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See how the stories we tell shape the world we live in, and how the arts affect our ideas about racial justice and equal participation in democracy.

Books have power; it’s no surprise the powerful want to control them

Banned Books Week, Sept. 18-24, challenges the ‘new illiteracy,’ by insisting on telling the whole story

Chloe Anthony Wofford Morrison, known as Toni Morrison, with her 1977 novel "Song of Solomon" on Sept. 21, 2012.PATRICK KOVARIK/AFP via Getty Images

I came to Toni Morrison’s work later in life than I wish. It wasn’t that I didn’t love books – I took after my mother, who consumed books with such voracious joy that I learned to read by age 4 just to emulate her. I devoured books assigned in my elementary and middle schools, getting lost in the worlds created by Emily Bronte, Charles Dickens, Harper Lee, and John Steinbeck.

It wasn’t until high school that I picked up “The Bluest Eye,” Morrison’s debut novel. The story of Pecola Breedlove was like nothing I’d ever encountered before. But it wasn’t just the lyrical style of Morrison’s writing, her ability to fluidly tell even the most painful stories in a manner that was simultaneously fantastical and deeply rooted in reality that made her work so unlike the other so-called “classics.” There was something else about her work that made it land in a completely different way: familiarity.

Morrison explained in a television interview why she wrote the book.

“It was a book I wanted to read, and I couldn’t find it anywhere,” Morrison said. “So, I began to write it.”

At the time, she was a recently divorced mother of small children, working in the literary world as a book editor and lecturer. But even in that world, she was left searching. So she wrote.

“I’m a reader,” she said. “And I really wanted a certain kind of experience. I didn’t analyze it terribly much. But I knew that I wanted to read about people like me: people who were Black, and were young, and had lived in the Midwest. And nobody wrote about them – and when they did, they were never center stage in a text. They were always toys, background, scenery.”

Most important, she said, “in this emotional chaos I was in, the whole world took on that view. It was disorderly … . Writing ordered it for me.”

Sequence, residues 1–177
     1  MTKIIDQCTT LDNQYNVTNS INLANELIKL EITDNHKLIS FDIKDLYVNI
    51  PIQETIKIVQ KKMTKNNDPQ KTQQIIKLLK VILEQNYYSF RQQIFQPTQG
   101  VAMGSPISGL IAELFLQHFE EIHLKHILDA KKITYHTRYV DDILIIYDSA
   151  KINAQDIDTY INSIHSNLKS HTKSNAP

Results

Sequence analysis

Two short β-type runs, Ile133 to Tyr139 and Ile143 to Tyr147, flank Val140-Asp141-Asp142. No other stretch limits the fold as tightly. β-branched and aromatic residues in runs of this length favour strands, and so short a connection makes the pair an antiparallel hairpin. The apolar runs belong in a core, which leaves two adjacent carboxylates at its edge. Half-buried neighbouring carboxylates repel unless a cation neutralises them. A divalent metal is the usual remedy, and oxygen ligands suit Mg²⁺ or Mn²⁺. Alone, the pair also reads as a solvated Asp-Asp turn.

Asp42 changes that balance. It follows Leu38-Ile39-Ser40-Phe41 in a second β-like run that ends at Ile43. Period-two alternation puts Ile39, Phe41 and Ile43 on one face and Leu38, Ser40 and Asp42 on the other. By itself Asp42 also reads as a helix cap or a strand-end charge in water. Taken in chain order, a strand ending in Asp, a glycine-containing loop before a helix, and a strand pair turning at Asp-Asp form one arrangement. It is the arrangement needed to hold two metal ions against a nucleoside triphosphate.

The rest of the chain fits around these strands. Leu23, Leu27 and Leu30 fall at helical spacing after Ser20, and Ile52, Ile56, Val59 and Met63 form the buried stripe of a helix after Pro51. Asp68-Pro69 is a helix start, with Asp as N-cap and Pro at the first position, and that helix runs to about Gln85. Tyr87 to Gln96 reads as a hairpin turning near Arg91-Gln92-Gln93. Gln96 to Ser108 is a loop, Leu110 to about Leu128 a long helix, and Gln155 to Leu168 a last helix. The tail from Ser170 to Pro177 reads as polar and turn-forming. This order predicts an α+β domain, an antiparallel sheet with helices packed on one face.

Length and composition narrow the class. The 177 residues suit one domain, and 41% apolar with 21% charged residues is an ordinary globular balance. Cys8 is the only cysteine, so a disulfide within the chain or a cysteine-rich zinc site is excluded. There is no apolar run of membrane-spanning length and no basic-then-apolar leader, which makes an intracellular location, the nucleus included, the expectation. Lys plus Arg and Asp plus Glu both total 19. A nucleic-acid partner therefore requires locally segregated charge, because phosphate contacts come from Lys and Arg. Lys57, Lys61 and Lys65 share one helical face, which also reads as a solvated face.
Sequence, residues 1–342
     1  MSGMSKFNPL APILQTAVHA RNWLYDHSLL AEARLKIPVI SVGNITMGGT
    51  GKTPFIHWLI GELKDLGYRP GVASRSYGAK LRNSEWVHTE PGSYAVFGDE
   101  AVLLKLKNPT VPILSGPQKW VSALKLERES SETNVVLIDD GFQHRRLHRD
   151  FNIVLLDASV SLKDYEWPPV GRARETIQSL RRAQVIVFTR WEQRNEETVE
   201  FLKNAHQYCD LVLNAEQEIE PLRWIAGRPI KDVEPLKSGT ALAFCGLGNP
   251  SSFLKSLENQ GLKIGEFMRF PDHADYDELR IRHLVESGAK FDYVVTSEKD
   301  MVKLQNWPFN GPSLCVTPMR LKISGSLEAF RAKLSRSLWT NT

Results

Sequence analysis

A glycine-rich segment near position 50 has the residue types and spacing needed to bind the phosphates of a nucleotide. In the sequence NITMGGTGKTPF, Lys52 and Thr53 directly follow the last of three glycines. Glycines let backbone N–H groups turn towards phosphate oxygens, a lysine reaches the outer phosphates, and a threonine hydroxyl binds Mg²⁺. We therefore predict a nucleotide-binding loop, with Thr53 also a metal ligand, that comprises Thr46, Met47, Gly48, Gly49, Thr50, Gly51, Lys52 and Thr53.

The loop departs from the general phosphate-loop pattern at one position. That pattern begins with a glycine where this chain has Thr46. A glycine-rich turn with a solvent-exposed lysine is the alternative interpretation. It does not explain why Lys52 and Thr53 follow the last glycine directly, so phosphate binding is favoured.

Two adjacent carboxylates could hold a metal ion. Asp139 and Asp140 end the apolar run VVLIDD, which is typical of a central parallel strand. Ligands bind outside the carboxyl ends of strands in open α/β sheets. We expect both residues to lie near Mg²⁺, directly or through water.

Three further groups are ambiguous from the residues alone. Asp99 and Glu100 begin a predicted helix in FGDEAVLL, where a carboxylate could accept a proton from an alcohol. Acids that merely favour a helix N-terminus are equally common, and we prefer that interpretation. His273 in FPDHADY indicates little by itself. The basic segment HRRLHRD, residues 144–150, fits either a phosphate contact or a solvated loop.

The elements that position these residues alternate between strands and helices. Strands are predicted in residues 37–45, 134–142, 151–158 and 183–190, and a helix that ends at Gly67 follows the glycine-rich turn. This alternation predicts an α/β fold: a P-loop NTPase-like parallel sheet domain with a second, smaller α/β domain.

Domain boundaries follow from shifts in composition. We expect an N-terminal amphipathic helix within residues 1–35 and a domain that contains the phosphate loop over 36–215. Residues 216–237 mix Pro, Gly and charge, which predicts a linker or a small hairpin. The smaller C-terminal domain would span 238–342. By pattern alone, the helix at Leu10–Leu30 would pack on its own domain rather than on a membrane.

Books are powerful. So much so, they can be deemed a threat, particularly to those who seek to protect their own power. And in the opinion of some, Morrison’s centering of Blackness, power, pain, and truth is too much. That is why “The Bluest Eye,” “Beloved,” and other novels by the author are disappearing from school libraries and curricula. And it’s not just Morrison: All kinds of books that reflect the lived experiences of people of color, or those that center gender and sexual identity, or racism increasingly are being targeted.

Book banning is back.

Banned Books Week is being observed nationwide this week to reclaim the place of books of all kinds in our imaginations and our lives.

The practice, really a power grab, isn’t new. Throughout our history, book banning efforts have sprung up during times of societal change, particularly when the status quo was being challenged. The practice heightened during the turbulent era of the 1960s, but its history is far longer.

A newspaper ad for Ruggles' anti-slavery bookstore.David Ruggles Center

Consider David Ruggles, the abolitionist and writer who opened the nation’s first Black bookstore and print shop in New York City in 1834, a time when in parts of the nation, it was illegal for Black people to learn to read.

But at Ruggles’ Bookstore and Reading Room on 1 Cortlandt St., patrons could find abolitionist literature, stationery, and fellowship. Its reading room served as a place where Black people could gain the literary knowledge Ruggles believed was essential. At the time, even in New York, it was prohibited for Black folks to enter public libraries.

The bookstore also served as a print shop for Black writers, where works including the nation’s first Black magazine, Mirror of Liberty, were published. It served as a part of the Underground Railroad. It filled a vital void.

The very power of Ruggles’ work caused its demise. The bookstore was burned down by a White mob, and Ruggles himself faced several attempts on his life.

As often happens, history repeats itself. Racial justice movements in America and beyond rose to a crescendo after the lynching of George Floyd, resulting in greater interest by people of varied backgrounds in combatting racial injustice. A new desire to patronize Black businesses resulted in a boom for Black bookstores. Books on antiracism and social justice shot to the top of bestseller lists.

Then came the backlash. Particularly in school curricula, award-winning books that had once been staples if school libraries are being banned by school boards and administrators. And while the stated goal is to avoid, “offensive,” “inappropriate” or “divisive” topics from classroom instruction, books that tell the stories of people of color, LGBTQ+ people, and others whose fights for equality had been receiving increased attention and awareness are usually the ones on the chopping block.

The goal, to borrow a phrase coined by writers Ashley Hope Pérez and Harvey J. Graff, is to achieve a “new illiteracy,” particularly about the lives, history, and experiences of marginalized people.

I didn’t fully realize the void that kind erasure creates until it was filled for me by writers like Morrison and bell hooks and Nikki Giovanni.

But the erasure is the point. During Banned Books Week, The Emancipator highlights the power of the pen, of those who wield it, and the stories they tell.

Kimberly Atkins Stohr is a columnist for the Globe. She may be reached at Follow her @KimberlyEAtkins.